The Lifeline for College Students: Credit Unions

Money management is a key part of the college experience. Since only 24 states require students to take personal finance classes in high school, the majority of incoming college freshmen are not prepared to tackle their finances. In fact, 45% of high school seniors said they were not ready to manage their money, according to a recent Capital One survey.

Chances are you've heard stories about some of the complex tactics credit card companies and banks use to make money from their customers: exorbitant interest rates, excessive fees (like a fee for not using your credit card!), unexpectedly lowering credit limits and penalties to name a few.

To ensure that credit card companies and profit hungry lenders don't rip you off, credit unions are here to help.

What is a Credit Union?

A credit union is a friendly, "not-for-profit," financial institution that is comprised of members only. Credit unions offer special deals to its members, unlike "for profit," big-name banks. Any profit made by the credit union is directed back to members via higher interest rates on savings/checking accounts and lower interest rates on credit cards and loans, unlike a commercial bank, which constantly thinks of new ways to increase its revenue for shareholders via methods such as customer fees.

Credit Cards and Credit Unions:

You've probably seen the marketing tents and booths that credit card companies set up on college campuses to try and persuade college students to sign up for credit cards that are littered with high interest rates (sometimes 30%) and outrageous fees. Credit card companies used to give out free lunches and t-shirts to those who applied for a credit card -- that's no longer allowed thanks to new legislation that took effect in February 2010.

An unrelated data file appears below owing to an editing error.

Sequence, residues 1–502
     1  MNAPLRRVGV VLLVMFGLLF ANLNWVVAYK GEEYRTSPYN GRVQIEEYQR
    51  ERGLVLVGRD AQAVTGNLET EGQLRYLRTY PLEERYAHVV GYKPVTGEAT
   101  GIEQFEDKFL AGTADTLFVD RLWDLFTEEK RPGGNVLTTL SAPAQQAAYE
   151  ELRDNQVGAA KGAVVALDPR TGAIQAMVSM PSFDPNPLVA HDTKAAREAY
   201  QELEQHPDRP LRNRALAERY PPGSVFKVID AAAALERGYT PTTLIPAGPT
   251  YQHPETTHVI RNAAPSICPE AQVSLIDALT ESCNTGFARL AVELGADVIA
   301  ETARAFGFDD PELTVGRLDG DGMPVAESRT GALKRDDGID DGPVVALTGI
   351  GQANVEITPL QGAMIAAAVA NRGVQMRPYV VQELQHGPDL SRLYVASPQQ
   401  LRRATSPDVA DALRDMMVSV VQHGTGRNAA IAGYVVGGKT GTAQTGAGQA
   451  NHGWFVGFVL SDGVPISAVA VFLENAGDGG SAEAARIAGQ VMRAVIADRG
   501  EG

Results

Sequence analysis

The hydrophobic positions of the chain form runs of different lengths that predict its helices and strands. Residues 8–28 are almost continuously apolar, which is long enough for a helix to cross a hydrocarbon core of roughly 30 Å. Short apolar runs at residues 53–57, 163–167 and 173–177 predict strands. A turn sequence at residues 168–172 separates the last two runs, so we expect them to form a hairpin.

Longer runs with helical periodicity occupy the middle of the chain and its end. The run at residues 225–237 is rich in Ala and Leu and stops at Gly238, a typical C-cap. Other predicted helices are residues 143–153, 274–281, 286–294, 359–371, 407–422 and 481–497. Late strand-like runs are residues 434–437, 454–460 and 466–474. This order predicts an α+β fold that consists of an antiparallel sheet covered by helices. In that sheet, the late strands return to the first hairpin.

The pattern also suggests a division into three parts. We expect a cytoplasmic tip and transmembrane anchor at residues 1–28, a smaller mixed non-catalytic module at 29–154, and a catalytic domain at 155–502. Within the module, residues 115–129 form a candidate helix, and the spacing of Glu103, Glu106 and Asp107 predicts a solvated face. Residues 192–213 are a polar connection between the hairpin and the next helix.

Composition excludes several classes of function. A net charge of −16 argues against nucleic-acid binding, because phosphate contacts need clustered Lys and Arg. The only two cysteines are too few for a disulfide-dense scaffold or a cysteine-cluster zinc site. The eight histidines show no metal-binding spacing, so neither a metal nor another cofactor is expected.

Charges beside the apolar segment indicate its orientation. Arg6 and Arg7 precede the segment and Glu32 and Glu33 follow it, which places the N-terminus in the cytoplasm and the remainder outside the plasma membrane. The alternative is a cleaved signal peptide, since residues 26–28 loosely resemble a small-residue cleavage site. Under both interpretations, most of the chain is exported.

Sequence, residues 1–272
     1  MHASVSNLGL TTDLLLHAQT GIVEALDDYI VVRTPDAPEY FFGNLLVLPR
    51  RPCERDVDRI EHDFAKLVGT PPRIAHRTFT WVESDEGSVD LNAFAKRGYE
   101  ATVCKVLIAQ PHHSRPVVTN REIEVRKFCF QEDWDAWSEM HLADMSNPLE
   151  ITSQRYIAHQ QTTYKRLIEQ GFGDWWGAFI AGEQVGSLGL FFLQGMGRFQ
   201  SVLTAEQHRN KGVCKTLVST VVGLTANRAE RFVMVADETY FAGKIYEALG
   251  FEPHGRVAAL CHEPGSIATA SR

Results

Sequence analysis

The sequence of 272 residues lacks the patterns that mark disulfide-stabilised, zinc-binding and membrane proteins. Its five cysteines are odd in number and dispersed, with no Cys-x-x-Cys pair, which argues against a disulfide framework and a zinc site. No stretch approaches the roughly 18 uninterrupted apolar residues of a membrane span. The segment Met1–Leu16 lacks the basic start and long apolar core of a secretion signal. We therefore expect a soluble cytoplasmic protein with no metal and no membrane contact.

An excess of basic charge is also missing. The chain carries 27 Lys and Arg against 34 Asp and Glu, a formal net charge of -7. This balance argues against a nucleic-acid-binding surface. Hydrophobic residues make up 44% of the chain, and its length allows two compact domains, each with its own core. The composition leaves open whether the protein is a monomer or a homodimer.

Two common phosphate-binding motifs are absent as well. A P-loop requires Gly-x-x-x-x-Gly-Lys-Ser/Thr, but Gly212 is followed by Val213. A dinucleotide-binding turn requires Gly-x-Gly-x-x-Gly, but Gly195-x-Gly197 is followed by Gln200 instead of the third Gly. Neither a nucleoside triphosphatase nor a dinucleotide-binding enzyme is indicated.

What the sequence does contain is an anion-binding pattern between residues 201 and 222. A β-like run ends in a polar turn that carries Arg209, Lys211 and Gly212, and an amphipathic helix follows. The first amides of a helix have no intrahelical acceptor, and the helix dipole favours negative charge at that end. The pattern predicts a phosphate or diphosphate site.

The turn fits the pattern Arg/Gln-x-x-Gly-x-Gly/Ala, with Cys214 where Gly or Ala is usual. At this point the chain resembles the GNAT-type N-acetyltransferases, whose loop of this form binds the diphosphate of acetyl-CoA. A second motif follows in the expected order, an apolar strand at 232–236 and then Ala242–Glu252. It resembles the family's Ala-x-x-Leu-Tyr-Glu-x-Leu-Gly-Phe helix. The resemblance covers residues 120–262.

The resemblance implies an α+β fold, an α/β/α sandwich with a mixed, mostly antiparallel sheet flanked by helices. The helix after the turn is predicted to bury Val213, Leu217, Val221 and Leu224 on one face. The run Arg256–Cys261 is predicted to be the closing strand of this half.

But if you see credit card companies on your campus, stay away! Most colleges have their own credit union, which offers credit cards to students at much lower interest rates than the ones available at a marketing booth from a credit card company. As an incoming college student at NYU's Stern School of Business, the credit union I use, the NYU Federal Credit Union, offers a credit card to NYU students with an interest rate of about 7% -- much better than 25% at a regular bank.

Another benefit at credit unions is limited fees. For profit banks generate tens of billions of dollars from charging consumers high annual fees. There is also an additional element of customer service: credit unions are located conveniently on college campuses, which enables students to meet face-to-face with credit union representatives to ensure they understand the terms of their credit card, loan or bank account. Credit unions advocate for the consumer!

Your Money is Safe!

Don't worry, the majority of credit unions insure bank accounts up to $250,000, by the National Credit Union Administration, similar to the Federal Deposit Insurance Corporation (FDIC), which insures bank accounts. And if you have more than $250,000 in savings as a college student, you may not need much help managing money after all!

You're Helping the Economy, Too!

By joining a credit union, you are taking a stand and supporting a consumer-friendly venue. We constantly hear that if banks would simply lend more money, our economy would improve. Now there's some truth to that assertion. If businesses have access to credit in order expand and hire new workers, that's beneficial to our economy. We also hear how the major banks are too scared to lend money, considering the severity of The Great Recession, which was perpetuated in part by easy credit. We need banks to do their homework and lend money to qualified borrowers who have the capacity to pay off the loan. Thankfully, credit unions are both doing their homework and lending money. According to the Credit Union National Association, in 2009, lending to small businesses from banks dropped 18%, but rose 9% from credit unions. This is good news, amid rumors that we're headed for a double-dip recession!

During a very unpredictable economy, it's encouraging to know that some financial institutions, like credit unions, are looking out for consumers. To find the best credit unions in your area, go to

Scott Gamm will attend NYU's Stern School of Business and is the founder of He has appeared on NBC's TODAY, MSNBC, Fox Business Network and ABC.